Tonight's episode of Ear to the Ground features a segment on ash dieback, farming after an accident and restoring bogs.
Mary McCormack's pension plan is disappearing before her eyes. When she planted her 50-acres of ash trees, they were destined to reap rewards.
But for the past seven years, fungal disease, ash dieback, has been destroying the native stock nationwide and practically wiped-out Mary’s crop entirely.
Helen Carroll meets Mary and visits the aptly named Ashtown Research Centre to find out how scientists are breeding resistant strains to save the Irish ash from extinction.
Undaunted by a devastating spinal injury in his 20s, Pat Carty has continued to farm with enthusiasm.
Adapting his tractor and farmyard in Co Sligo, he can tend his cattle as well as the next man, despite being confined to a wheelchair.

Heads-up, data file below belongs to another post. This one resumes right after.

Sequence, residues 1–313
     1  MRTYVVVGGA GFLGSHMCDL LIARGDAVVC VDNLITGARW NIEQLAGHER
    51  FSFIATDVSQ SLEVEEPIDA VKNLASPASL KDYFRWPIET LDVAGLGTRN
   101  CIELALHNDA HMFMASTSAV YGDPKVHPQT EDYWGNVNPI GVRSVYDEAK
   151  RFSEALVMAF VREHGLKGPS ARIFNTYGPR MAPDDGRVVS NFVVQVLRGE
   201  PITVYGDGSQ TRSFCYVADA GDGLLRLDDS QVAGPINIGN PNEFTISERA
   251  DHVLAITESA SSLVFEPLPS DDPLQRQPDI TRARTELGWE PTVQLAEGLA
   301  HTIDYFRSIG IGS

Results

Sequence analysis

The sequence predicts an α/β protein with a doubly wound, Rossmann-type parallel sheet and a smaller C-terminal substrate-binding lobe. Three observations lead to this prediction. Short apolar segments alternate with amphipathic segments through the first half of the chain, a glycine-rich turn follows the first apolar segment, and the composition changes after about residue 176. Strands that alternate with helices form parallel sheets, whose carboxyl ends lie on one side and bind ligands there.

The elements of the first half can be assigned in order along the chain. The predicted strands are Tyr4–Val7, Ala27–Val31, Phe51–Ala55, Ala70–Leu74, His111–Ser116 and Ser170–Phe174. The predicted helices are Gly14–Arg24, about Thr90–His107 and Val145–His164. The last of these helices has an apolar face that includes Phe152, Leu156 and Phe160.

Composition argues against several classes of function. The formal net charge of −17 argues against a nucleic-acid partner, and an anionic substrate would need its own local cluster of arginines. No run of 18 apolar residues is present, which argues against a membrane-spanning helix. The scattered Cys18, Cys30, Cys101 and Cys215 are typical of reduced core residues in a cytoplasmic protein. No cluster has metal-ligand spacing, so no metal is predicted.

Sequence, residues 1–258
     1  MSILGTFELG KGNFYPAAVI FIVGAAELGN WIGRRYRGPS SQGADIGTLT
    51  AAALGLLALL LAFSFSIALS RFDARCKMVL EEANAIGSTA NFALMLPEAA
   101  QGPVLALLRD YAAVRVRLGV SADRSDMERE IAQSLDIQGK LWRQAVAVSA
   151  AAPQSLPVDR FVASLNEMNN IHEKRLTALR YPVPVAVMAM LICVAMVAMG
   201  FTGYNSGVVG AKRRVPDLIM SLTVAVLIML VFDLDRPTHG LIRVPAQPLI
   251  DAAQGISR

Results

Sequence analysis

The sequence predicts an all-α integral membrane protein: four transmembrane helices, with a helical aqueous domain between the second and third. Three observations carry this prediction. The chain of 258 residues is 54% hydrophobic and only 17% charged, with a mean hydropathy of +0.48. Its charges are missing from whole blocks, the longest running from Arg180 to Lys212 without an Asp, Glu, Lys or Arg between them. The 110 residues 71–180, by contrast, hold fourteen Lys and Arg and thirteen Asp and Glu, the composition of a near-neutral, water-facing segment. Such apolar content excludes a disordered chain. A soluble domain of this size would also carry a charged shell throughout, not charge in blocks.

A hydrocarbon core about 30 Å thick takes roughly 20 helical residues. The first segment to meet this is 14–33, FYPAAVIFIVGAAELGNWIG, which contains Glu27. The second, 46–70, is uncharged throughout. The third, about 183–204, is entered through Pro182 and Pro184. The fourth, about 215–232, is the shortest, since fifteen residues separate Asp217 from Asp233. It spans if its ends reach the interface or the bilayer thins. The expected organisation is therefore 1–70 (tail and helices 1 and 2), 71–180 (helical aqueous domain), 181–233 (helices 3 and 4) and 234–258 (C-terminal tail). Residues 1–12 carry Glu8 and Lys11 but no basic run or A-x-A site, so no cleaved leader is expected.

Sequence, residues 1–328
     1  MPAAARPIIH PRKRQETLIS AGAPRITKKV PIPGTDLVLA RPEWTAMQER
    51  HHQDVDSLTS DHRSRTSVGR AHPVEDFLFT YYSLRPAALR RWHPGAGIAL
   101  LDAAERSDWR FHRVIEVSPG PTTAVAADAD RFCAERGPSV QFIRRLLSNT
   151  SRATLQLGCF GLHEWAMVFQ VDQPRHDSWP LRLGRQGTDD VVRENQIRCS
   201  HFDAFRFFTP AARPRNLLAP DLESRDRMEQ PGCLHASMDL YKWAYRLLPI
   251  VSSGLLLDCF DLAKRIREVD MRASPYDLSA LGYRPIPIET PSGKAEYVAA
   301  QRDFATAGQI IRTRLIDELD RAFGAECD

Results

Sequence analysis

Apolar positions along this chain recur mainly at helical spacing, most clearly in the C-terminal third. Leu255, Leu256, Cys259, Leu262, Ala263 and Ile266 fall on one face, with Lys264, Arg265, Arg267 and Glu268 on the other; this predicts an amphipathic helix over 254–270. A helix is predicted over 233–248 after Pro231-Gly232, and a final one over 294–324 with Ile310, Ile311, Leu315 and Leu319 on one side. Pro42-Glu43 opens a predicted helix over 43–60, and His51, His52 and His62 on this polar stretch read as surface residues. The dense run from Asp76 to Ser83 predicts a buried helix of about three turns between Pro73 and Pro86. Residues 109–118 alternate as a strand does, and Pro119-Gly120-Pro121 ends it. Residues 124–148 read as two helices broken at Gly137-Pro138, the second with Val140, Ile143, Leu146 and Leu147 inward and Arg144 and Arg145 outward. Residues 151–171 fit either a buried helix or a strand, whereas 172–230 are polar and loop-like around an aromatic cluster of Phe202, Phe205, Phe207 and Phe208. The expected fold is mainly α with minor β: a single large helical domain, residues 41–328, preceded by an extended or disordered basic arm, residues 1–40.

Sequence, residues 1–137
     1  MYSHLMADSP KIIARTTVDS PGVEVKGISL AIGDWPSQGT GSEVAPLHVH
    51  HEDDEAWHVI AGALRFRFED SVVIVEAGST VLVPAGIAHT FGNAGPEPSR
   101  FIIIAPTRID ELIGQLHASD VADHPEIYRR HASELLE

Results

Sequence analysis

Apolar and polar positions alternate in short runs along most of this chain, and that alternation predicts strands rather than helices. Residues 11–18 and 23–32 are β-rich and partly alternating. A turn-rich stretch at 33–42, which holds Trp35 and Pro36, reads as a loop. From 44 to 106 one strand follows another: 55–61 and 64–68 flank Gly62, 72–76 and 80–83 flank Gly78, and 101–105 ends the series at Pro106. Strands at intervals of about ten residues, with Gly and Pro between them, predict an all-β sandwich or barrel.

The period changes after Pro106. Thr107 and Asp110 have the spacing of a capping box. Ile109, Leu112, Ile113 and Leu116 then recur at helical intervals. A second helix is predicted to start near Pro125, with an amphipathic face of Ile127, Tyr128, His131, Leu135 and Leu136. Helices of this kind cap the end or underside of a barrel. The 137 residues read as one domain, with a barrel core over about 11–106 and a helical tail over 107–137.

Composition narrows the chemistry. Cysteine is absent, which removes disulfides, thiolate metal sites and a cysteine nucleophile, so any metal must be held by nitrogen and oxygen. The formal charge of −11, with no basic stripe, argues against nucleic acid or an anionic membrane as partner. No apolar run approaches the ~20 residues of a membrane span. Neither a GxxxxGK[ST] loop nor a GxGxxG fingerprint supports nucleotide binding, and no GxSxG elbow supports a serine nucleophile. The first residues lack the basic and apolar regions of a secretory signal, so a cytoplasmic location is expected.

It’s also given him the chance to captain his country, as he plays hurling for Connacht and floorball for Ireland.
Darragh McCullough meets this man and finds out just how challenging wheelchair hurling can be.
A rare bog
Could Irish bogs be the solution to our climate crisis? One farmer believes rewetting his 25-acre bog could turn it into the most valuable land on his farm, capturing and storing carbon into the future.
Tommy Earley and the local community are working with hydrologist, Dr Raymond Flynn, to uncover the optimum conditions for their raised bogs to grow again.
Ella McSweeney visits Mount Allen and asks could our bogs be worth restoring?
Tune into Ear to the Ground tonight (Thursday, November 14th) at 8:30pm on RTÉ One.